At the mid-December meeting, the central bank reduced the pace of accelerated monetary policy tightening, and decided to raise the interest rate for the seventh time in a row, but by 50 basis points instead of 75 as in the previous four meetings. Prices are now in the 4.25%-4.50% range. However, he also affirmed, in his statement and in Chairman Jerome Powell’s press conference, the intention to continue to pressure in the first months of this year, with cumulative interventions of perhaps another 75 basis points, to control inflation and towards the ideal target of 2 percent.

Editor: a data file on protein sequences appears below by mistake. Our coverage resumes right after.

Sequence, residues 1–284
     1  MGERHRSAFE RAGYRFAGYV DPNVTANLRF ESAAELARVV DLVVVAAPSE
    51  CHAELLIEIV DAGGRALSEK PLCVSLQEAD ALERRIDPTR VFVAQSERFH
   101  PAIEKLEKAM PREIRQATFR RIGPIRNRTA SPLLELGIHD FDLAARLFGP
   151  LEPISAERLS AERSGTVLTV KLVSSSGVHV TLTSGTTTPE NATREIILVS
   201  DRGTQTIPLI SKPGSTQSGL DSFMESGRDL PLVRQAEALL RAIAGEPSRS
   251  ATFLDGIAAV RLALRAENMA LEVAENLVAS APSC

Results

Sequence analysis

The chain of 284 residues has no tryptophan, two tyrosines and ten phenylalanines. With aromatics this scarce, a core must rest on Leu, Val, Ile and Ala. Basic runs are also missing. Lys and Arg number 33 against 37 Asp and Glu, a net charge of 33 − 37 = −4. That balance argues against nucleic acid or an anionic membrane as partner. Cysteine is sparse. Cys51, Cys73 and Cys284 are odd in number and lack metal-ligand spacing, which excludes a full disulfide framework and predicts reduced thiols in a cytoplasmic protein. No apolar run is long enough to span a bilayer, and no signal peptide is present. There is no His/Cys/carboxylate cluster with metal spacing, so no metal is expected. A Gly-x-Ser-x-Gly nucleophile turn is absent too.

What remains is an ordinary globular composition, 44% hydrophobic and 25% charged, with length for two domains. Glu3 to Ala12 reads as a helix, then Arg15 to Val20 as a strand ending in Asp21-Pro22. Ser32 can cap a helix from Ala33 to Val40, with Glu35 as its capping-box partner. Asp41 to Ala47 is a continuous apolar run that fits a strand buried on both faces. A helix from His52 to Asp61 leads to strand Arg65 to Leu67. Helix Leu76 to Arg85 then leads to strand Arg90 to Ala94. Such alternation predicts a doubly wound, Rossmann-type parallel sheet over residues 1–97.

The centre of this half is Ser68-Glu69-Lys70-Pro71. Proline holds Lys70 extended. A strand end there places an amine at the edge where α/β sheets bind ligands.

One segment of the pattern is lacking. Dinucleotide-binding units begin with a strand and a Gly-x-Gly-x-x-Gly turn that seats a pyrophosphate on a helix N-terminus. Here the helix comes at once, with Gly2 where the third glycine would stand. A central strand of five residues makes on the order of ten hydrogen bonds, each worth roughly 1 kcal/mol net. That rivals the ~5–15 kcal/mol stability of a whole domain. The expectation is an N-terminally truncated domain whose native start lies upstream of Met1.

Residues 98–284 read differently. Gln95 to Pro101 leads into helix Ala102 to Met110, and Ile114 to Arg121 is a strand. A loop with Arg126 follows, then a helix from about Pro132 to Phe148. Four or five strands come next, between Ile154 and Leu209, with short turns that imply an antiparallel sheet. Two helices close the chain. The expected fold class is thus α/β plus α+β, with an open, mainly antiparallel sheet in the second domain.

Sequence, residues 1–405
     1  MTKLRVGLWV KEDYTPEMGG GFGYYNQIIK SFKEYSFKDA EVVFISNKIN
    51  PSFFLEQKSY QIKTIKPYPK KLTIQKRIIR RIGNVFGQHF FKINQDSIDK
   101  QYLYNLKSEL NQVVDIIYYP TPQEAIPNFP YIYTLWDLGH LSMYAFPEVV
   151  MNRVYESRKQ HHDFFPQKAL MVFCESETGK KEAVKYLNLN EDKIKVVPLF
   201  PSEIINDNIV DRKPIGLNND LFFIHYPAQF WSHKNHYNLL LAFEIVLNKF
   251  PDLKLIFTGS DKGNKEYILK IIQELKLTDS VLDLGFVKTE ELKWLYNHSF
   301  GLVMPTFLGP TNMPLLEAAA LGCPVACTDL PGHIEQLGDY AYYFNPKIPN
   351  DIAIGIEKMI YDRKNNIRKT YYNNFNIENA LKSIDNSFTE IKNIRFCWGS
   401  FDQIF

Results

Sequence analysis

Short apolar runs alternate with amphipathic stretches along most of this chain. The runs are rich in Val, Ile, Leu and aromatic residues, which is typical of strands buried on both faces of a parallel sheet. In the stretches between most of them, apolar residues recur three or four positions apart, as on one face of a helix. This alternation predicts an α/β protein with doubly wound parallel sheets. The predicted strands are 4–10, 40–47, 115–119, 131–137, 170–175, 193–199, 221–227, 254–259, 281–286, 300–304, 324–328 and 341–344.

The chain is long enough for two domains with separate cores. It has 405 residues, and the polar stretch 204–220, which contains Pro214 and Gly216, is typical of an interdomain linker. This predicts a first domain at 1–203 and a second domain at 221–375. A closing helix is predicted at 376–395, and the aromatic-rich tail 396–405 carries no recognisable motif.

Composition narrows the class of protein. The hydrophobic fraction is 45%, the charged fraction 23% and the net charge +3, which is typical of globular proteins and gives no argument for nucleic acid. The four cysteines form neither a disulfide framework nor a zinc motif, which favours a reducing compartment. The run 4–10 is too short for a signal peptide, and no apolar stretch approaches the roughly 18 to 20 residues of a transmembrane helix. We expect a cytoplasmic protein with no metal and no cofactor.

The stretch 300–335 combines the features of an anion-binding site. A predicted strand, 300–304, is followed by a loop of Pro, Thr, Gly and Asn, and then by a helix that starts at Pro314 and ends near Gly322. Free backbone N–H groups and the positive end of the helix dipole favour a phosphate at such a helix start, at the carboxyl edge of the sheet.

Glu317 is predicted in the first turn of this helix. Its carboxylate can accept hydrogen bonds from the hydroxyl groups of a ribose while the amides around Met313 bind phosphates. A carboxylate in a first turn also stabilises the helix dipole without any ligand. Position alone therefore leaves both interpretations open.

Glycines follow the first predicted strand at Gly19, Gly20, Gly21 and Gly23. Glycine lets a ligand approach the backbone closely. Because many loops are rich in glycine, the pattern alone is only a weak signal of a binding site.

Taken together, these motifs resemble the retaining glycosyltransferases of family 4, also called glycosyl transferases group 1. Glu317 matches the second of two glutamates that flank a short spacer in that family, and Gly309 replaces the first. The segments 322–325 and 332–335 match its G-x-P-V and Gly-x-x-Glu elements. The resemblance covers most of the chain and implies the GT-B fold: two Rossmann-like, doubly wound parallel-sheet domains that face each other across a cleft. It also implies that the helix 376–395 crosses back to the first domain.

The rise in consumer prices, after peaking at more than 9% last summer, the highest in 40 years, slowed to 7.1% in November from a year earlier, but remained well above Fed targets. The economy, or the Fed’s ability or lack thereof to facilitate soft landings, soft landings that avoid severe recessions. Minutes from the latest meeting show that the Fed sees the labor market as remaining strong. Economic activity, for its part, should progress, albeit at a markedly weaker pace. The central bank headquarters in Atlanta, with its constantly updated GDP index, calculates that in the last, fourth quarter of 2022, annual growth might still have been 3.9 percent. But at least there’s a significant slowdown in expansion in the new year, according to analysts. Moody’s, in forecasts by chief economist Mark Zandi, expects what it calls a “slow recession,” a prolonged weakness that sees GDP at a rate of less than 1% in all four quarters of 2023.
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